When is mortgage interest NOT deductible? Friedman LLP’s Karl Neulinger focuses on this question, which many home owners don’t even know they should be asking. The following transcribes a recent conversation Karl had with a client concerning mortgage interest and how it can impact tax returns.
Q. I have a few questions regarding the deductibility of a mortgage. I own a home and am thinking of purchasing a second home.
A. Are you going to rent the second home or is this something solely for you and your family?
Q. This is something just for us and won’t be rented. We will take out a mortgage on the property and would like to know whether or not we can deduct the mortgage interest.
A. The answer is generally yes, but it depends on your circumstances. The Internal Revenue Code allows the deduction for mortgage interest, but it must be qualified residence interest. This is defined as interest that is paid or accrued on either acquisition indebtedness or home equity indebtedness with respect to any qualified residence of a taxpayer.
Q. What is acquisition indebtedness?
A. Acquisition indebtedness is essentially what it sounds like. It’s any indebtedness that you incur in acquiring, constructing, or improving any qualified residence and is secured by the residence. The loan, in this case, must be secured by the acquired property and not just any residence.
Both acquisition indebtedness and home equity indebtedness have maximum dollar limits. The limit on acquisition indebtedness is $1 million ($500K if married filing separately), and the home equity limitation is $100K ($50K if married filing separately).
Q. That’s fine. Our home had an original mortgage of $600K, and the property we are looking at will have a mortgage of $600K, so we’re all set.
A. Not necessarily. A qualified residence is actually not defined as one property alone. A qualified residence can be a taxpayer’s principal residence and one other residence. Therefore, the loans must be aggregated. If you have indebtedness of over $1 million, you will not be able to deduct the interest attributable to the excess of your loans over that $1 million mark.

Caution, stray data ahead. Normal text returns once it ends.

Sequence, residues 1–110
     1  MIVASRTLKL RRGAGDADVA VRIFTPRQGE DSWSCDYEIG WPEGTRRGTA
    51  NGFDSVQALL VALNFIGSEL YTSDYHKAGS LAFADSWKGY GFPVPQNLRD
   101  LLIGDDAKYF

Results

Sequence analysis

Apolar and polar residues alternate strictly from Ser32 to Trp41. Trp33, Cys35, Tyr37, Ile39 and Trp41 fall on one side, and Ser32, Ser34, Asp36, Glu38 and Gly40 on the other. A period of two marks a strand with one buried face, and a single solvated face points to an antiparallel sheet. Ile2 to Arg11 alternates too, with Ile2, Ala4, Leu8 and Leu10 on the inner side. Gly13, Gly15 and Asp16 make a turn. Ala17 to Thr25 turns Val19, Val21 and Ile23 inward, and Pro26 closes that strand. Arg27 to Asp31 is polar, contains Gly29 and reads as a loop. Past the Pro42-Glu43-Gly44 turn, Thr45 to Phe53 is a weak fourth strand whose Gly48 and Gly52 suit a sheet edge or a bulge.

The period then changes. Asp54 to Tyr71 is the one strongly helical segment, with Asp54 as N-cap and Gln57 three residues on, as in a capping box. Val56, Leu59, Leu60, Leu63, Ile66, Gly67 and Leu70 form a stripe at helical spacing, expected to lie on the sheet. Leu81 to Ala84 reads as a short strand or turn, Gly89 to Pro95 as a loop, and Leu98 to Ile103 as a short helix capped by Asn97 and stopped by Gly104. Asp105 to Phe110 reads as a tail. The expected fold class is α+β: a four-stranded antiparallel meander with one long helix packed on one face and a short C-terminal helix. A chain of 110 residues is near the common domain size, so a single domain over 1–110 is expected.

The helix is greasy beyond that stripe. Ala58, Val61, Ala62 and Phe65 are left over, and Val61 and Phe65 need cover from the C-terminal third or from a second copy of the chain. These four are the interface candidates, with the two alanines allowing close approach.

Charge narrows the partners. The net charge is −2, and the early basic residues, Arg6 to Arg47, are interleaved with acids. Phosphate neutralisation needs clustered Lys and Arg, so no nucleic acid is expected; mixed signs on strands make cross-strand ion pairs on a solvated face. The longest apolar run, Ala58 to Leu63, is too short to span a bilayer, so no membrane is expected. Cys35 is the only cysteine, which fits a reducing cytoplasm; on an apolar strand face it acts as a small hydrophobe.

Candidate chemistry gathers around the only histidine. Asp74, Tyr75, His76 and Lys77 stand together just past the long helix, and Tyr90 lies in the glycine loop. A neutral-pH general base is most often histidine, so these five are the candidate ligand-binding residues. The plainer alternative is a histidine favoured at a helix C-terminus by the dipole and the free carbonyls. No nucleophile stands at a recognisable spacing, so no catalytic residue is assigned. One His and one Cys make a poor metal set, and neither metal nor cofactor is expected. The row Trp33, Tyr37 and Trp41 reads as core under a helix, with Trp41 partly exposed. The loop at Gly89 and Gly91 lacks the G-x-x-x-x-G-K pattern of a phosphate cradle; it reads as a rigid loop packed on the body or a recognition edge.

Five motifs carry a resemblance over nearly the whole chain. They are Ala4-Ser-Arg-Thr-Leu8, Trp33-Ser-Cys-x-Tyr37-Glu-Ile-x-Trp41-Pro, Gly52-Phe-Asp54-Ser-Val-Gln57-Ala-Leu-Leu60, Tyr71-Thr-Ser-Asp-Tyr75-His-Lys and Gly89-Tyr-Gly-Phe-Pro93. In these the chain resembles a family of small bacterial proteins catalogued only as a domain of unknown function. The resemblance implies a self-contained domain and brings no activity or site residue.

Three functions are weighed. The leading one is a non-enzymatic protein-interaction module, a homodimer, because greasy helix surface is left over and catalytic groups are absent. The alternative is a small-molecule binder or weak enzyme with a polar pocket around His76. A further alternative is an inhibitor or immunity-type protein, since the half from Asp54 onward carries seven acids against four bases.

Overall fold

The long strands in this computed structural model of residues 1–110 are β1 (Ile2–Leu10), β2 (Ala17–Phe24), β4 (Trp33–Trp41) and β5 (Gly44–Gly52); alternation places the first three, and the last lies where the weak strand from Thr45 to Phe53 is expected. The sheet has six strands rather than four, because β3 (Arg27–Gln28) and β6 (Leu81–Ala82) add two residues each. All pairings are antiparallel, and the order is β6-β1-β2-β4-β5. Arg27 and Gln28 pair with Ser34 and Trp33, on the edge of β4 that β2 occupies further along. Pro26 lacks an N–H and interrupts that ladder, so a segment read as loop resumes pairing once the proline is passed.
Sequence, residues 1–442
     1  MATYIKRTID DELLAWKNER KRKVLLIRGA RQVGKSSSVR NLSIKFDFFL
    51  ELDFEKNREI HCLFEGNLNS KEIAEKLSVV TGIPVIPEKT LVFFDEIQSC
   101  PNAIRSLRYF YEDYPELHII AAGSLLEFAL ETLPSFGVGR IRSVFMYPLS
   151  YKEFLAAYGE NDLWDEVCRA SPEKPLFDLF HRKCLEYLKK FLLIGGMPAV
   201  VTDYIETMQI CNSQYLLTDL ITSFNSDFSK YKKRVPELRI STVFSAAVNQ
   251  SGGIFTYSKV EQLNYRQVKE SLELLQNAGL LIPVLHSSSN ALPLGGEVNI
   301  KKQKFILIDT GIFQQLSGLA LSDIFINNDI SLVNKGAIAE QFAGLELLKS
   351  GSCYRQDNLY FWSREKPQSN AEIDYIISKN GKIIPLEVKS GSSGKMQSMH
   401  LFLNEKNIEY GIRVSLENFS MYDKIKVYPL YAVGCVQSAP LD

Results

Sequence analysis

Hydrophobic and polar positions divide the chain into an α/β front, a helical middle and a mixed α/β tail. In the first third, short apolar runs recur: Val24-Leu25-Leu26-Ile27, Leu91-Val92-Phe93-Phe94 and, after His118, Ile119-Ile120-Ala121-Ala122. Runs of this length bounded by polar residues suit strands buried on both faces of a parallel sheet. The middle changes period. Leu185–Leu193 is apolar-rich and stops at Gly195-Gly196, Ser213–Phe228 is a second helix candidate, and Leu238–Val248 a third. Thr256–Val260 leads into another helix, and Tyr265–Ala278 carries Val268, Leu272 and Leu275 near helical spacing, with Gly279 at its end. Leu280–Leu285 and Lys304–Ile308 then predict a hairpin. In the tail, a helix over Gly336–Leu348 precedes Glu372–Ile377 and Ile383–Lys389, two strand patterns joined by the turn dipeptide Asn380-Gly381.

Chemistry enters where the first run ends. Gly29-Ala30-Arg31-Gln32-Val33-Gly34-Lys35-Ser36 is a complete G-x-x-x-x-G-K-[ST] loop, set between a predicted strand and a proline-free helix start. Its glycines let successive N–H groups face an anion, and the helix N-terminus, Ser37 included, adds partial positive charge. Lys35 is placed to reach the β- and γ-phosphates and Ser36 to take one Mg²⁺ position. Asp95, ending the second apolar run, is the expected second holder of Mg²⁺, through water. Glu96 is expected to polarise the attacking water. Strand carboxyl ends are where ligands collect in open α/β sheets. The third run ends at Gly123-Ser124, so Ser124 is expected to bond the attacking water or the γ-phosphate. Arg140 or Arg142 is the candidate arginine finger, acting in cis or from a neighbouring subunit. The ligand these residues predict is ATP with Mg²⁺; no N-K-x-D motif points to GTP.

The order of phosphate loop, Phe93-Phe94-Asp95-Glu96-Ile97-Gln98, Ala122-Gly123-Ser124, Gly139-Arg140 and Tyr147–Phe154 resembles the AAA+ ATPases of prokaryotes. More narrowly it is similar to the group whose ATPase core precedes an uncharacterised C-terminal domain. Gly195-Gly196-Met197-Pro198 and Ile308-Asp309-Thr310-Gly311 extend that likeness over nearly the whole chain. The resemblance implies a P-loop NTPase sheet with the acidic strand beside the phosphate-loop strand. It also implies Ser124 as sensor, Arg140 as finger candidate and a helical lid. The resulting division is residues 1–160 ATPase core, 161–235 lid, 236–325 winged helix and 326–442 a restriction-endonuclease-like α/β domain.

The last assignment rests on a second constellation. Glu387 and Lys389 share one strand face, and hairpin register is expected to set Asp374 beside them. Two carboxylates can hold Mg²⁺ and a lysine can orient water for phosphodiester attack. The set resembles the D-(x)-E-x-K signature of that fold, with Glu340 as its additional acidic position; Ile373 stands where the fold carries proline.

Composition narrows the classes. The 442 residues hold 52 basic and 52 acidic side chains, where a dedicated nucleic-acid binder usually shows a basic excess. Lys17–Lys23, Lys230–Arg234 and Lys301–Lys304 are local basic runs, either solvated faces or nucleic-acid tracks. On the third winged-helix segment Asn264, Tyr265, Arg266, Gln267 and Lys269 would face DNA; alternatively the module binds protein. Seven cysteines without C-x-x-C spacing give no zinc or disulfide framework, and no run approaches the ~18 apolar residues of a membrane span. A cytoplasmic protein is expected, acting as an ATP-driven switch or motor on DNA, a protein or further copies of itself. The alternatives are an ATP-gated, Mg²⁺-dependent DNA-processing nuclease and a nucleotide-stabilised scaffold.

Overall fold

One planning tool that you may take advantage of, is taking some of your excess acquisition indebtedness and using it as home equity indebtedness. By doing that, you can prorate your interest deduction over $1.1 million of indebtedness instead of $1 million.
Q. Are there any other kinds of limitations to the allowable interest deduction?
A. Sure there are. Again, it all depends on your individual facts and circumstances. An example would be interest attributable to the refinancing of a loan. The letter of the law states that when you refinance, acquisition indebtedness only applies to the refinanced portion. Therefore, assume that you have a house worth $800K, with a mortgage of $200K. One day you refinance the mortgage and take out a new loan in the amount of $250K, using the $50K to buy a new car for personal use. Even though the loan is secured by the property, the incremental increase of $50K to the loan will not be treated as acquisition indebtedness and the interest will be disallowed.
Q. Is there anything else I should know?
A. When it comes to tax planning, elements like mortgage interest can impact different cases in different ways. There can be instances where you can elect to deduct mortgage interest as something other than mortgage interest; and you may get more of a tax benefit if you are able to deduct it elsewhere on your tax return. That’s why it’s important to engage an advisor so they can provide advice on how these factors can impact you and what resources are available to get you the most return.